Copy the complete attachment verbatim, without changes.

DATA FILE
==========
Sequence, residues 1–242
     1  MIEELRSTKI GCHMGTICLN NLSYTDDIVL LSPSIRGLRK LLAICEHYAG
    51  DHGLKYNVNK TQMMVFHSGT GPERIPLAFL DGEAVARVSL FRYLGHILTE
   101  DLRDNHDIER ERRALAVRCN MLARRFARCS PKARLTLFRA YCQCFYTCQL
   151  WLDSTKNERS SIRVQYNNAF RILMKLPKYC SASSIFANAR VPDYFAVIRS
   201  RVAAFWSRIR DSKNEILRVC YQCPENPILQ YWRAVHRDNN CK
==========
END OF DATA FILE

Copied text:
Sequence, residues 1–242
     1  MIEELRSTKI GCHMGTICLN NLSYTDDIVL LSPSIRGLRK LLAICEHYAG
    51  DHGLKYNVNK TQMMVFHSGT GPERIPLAFL DGEAVARVSL FRYLGHILTE
   101  DLRDNHDIER ERRALAVRCN MLARRFARCS PKARLTLFRA YCQCFYTCQL
   151  WLDSTKNERS SIRVQYNNAF RILMKLPKYC SASSIFANAR VPDYFAVIRS
   201  RVAAFWSRIR DSKNEILRVC YQCPENPILQ YWRAVHRDNN CK